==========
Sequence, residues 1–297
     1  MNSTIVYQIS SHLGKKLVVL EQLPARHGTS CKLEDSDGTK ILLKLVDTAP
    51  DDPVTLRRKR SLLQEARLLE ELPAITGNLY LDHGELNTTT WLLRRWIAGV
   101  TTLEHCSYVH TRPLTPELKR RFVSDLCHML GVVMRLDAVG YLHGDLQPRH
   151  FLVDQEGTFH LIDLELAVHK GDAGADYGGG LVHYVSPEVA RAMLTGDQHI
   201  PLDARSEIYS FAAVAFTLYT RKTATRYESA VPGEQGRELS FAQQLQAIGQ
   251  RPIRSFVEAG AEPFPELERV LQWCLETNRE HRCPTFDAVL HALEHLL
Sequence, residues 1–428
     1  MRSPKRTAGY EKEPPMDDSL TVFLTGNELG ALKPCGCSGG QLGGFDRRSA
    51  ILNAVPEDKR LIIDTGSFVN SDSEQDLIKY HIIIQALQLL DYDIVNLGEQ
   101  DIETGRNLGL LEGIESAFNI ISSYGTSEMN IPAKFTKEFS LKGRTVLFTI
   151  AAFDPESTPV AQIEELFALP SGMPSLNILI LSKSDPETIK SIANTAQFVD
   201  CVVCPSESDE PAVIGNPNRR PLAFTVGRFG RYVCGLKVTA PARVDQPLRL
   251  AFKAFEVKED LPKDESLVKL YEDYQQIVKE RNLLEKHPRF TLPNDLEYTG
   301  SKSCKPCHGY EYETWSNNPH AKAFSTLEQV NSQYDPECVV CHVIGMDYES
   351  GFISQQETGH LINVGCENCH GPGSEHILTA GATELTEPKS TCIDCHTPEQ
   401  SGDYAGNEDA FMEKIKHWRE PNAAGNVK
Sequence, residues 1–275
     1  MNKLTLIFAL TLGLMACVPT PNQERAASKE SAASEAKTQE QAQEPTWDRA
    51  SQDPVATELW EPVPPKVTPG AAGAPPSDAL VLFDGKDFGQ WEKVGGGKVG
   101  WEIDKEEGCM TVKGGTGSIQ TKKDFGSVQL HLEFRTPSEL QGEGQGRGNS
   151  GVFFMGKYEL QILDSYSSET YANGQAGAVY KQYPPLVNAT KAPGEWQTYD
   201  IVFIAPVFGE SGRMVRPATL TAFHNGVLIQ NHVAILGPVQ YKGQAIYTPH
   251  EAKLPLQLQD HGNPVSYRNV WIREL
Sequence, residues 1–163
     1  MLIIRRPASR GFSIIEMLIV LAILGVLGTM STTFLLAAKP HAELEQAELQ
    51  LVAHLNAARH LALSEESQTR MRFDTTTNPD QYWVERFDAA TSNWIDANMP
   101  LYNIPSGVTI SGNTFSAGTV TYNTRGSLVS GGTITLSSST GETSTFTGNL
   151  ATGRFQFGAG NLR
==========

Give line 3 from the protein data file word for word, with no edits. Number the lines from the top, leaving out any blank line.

    51  DDPVTLRRKR SLLQEARLLE ELPAITGNLY LDHGELNTTT WLLRRWIAGV